Various Artists – Sunshine of Your Love: A Concert for Jack Bruce | Album Review

Various Artists – Sunshine of Your Love: A Concert for Jack Bruce

MIG Music 02192

22 songs – 107 minutes plus full concert DVD

www.jackbruce.com

When Scotsman Jack Bruce lost his life to liver cancer at age 71 on Oct. 25, 2014, the world lost one of its most influential musicians ever – a man who rose to prominence alongside Eric Clapton in Cream after establishing himself in both the Graham Bond Organisation and John Mayall’s Bluesbreakers. The co-writer of such classics as “Sunshine of Your Mind,” “White Room” and “I Feel Free,” he enjoyed a long solo career in which he was recognized by Rolling Stone as one of the ten greatest bassists of all time.

This thoroughly enjoyable 107-minute set captures a star-studded tribute concert to Bruce that took place at The Roundhouse in North London on the first anniversary of his passing, which benefited his favorite charity, East Anglia’s Children’s Hospices. Fans around the globe are finally able to enjoy that show thanks to Germany’s MIG Music, which released a two-CD/DVD box set of the performance with a portion of the proceeds earmarked for the charity, too.

Released officially last October on the same date, the roster includes Jack’s partner in Cream, Ginger Baker, as well as Jethro Tull front man Ian Anderson, Mark King of Level 42, Phil Manzanera of Roxy Music, Scorpions’ lead guitarist Uli Jon Roth, Joss Stone, members of Bruce’s Big Blues Band, Bernie Marsden of Whitesnake fame and a host of UK blues/roots royalty and Jack’s daughters Natascha – known professionally as Aruba Red — and Kyla and sons Corin and Nico.

Although unable to attend the concert, Clapton’s present here, too. He recorded a personal, unspoken tribute on acoustic guitar  that’s remained unheard by the general public since being played at Bruce’s funeral. Those words appear here as a bonus cut for the first time, fittingly at the conclusion of the set. And the show includes video accolades from Charlie Watts, Ringo Starr, John McLaughlin, Robin Trower and others.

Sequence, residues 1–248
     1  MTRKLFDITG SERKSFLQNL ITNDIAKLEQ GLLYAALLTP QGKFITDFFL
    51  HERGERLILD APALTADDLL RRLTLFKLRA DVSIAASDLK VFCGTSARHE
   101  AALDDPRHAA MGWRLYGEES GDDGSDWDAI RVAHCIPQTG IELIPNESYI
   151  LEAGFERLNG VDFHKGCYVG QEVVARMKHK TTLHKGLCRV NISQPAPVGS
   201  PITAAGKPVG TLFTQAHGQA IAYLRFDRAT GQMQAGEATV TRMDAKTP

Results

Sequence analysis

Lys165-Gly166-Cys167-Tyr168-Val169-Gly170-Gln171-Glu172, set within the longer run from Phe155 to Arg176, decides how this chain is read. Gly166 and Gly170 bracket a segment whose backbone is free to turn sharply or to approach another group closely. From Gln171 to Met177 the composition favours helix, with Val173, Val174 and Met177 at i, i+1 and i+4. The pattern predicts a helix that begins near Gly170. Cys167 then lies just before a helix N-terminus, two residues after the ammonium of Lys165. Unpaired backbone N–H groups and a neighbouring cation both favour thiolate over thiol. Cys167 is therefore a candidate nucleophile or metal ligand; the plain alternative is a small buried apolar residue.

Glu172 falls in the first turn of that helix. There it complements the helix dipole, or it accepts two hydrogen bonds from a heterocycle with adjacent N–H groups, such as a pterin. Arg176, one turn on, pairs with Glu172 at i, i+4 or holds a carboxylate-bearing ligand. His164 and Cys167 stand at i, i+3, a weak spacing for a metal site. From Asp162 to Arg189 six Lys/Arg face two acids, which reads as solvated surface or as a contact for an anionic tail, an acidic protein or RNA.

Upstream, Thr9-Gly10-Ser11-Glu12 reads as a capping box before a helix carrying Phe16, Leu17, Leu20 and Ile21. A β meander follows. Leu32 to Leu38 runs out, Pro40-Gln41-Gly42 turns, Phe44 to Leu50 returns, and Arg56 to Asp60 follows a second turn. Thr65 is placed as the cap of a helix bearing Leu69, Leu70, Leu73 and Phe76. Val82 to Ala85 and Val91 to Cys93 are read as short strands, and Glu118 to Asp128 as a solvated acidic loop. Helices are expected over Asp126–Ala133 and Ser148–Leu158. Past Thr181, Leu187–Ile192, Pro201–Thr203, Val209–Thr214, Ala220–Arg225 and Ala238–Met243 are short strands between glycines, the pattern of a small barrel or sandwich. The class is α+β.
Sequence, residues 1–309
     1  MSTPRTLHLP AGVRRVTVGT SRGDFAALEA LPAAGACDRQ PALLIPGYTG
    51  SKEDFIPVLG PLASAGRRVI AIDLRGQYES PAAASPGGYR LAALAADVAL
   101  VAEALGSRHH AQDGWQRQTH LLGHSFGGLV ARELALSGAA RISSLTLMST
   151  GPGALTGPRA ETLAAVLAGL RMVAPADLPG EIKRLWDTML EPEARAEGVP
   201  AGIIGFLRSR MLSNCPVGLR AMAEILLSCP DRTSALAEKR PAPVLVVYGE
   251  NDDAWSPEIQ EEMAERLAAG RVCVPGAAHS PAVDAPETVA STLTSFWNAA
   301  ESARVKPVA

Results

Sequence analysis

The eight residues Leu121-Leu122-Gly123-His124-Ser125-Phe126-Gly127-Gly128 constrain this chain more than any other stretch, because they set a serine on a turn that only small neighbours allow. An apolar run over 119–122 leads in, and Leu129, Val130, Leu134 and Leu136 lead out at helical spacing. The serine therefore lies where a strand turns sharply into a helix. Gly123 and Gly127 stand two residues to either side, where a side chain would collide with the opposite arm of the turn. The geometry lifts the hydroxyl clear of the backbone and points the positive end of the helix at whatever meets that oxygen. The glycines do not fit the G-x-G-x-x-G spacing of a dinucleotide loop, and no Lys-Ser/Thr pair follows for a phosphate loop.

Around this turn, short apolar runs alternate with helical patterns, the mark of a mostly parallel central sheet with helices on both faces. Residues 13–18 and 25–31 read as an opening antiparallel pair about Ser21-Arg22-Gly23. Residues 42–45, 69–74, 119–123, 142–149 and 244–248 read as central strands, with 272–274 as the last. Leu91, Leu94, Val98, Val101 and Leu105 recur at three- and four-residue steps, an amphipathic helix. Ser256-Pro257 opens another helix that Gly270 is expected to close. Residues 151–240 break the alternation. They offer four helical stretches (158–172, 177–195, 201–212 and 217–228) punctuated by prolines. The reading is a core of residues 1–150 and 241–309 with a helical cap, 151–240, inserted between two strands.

Opening with “Hit & Run” and the familiar “I Feel Free” with King on doubling on lead vocals and bass, all but two of the songs here were penned by Bruce in various stages of his life — either solo or in concert with Pete Brown, Kip Hanrahan, Margrit Bruce Seyffer and Clapton. The exceptions include the Clapton-George Harrison classic, “Badge,” and “I’m So Glad,” penned by Skip James in 1931 and first appearing on the Paramount label.

The ballad “Milonga” follows. It’s delivered by Scottish keyboard player Mark King with Anderson providing accents on flute. The ladies are in charge for the next pair with Nandi’s haunting rendition of “Don’t Look Now” followed with Kyla sweetly covering “Weird of Hermiston.” Marsden takes over for “White Room” and yields the mike to punk rocker Hugh Cornwell – best known for his work with The Stranglers – for “Hear Me Calling Your Name.” Two tunes covered by King — “Keep It Down” and “No Surrender” – sandwich British soul-blues/reggae star Liam Bailey’s reinterpretation of “Politician” before cellist/vocalist Ayanna Witter-Johnson’s take on “Rope Ladder to the Moon” bring the first CD to a close.

Beginning with “Candlelight” – delivered by blues-rocker Rob Cass – and “Tickets to Waterfalls” – featuring Anderson – disc two offers up much of the same. Young Scot Chloe Fiducia offers up “Ships in the Night” before Bruce’s daughter Aruba Red takes charge for “Folk Song.” Bailey draws an encore for “Badge” before Julie Iwheta, who provided backing vocals on Jack’s final album, is in command for “How’s Tricks.”

Bailey also handles “I’m So Glad” and “Sunshine of Your Love,” which bookend Stone powering through “Never Tell Your Mother She’s Out of Tune” Aruba taking on “We’re Going Wrong,” before Clapton’s moving acoustic tribute brings the night to a close.

Sure, there’s not much true blues here, but the thread runs steadily throughout. If your tastes run toward blues-roots, this one will definitely keep you entertained for hours.

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